The question is legitimate for almost any player whose body has endured a decade-and-a-half of NFL pounding. Yet it seems odd when directed to Falcons tight end Tony Gonzalez, a physical marvel who shows no sign of slippage as his 15th season winds down.
Based on receptions, Gonzalez, 35, is on track for his finest year of a sure-fire Hall of Fame career since finagling a trade from the Chiefs in 2009. Driving the relocation was a yearning to experience the joys of a play-off win.
Atlanta, whose stock was rising, became his landing spot. While the Falcons have taken him twice to the post-season, they have gone one-and-done.
The Falcons appear play-off bound again this season. How they fare might determine if there is a 16th season for Gonzalez, who claims uncertainty, pointing out that the Falcons might affect the decision if they decline to re-sign him.
There would be no shortage of suitors for Gonzalez, who seems to achieve a new milestone each week. On Sunday, one catch will bring his season total to 60, a standard he has met a record 12 consecutive times.
Two Sundays ago, he became the 13th player to surpass 13,000 receiving yards.
The most remarkable statistical achievement came in late October, when he moved into second place behind Jerry Rice for lifetime receptions, now at 1,128. As a tight end, Gonzalez assumes more blocking duties than wide receivers, which warrants an extra round of applause for his numerical feat.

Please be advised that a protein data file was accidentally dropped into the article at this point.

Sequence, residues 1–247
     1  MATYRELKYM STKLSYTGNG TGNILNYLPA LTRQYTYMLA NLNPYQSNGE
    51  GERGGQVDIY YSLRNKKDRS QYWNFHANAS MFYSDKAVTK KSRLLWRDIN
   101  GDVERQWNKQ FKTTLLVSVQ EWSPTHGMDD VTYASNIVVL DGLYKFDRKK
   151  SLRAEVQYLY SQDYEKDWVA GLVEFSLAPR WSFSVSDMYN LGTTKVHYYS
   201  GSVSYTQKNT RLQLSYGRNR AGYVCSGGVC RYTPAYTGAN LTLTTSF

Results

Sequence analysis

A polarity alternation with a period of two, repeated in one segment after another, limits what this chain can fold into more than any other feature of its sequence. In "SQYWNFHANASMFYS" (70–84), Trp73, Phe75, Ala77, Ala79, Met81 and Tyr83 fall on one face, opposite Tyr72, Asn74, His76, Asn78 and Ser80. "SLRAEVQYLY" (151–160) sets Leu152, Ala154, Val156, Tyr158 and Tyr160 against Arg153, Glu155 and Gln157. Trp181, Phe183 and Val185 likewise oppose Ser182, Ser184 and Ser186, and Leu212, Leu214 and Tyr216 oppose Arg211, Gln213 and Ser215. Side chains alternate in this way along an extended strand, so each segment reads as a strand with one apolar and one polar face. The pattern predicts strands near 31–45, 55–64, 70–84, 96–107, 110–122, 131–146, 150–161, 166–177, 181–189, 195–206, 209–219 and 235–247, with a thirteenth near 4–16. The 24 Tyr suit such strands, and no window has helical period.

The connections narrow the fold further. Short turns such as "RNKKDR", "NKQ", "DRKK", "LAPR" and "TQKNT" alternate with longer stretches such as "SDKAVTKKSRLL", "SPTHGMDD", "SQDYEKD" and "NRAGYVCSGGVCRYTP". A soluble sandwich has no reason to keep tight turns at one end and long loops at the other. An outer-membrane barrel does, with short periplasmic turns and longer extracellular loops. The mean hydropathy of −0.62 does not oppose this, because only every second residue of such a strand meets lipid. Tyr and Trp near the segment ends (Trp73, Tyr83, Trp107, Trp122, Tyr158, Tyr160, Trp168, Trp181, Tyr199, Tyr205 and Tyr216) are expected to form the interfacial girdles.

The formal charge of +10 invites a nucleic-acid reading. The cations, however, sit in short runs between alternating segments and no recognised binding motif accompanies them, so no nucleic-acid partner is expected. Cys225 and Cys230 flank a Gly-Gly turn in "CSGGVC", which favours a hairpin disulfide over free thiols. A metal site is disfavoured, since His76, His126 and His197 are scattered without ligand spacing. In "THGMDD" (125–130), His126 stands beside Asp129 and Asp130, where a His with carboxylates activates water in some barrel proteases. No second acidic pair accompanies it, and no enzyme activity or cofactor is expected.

One more Gonzalez number that will knock your thickest socks off: two, the times that injuries kept him from answering the bell.
"I love the game," he says, but is not obsessed with it, which might explain his longevity. In the off-season he surfs, plays basketball, travels extensively and runs his vitamin supplements business.
Year-round, he reads, often toggling between two books, and dispenses nutritional advice as he adjusts his own dietary approach, having evolved from vegan to a once-a-month carnivore.
"I love to keep expanding my mind," said Gonzalez, who brings the bonus trait of a consummate teammate, shown by example. On a practice day, no time is wasted as he fields up to 100 passes, many of them wild, from assistant coach Andrew Weidinger.
"Horrible arm," Gonzalez says appreciatively of Weidinger, who helps simulate the unpredictability of game throws.
Receptions leader Rice, ahead by 421, is out of reach, like some of those practice passes from the coach.
But Gonzalez, well in front of the next active player - Hines Ward of Pittsburgh - continues to separate himself from the rest of the pack.
He is an NFL anomaly in many ways, none more so than being a mid-30s player who can retire near the peak of his game.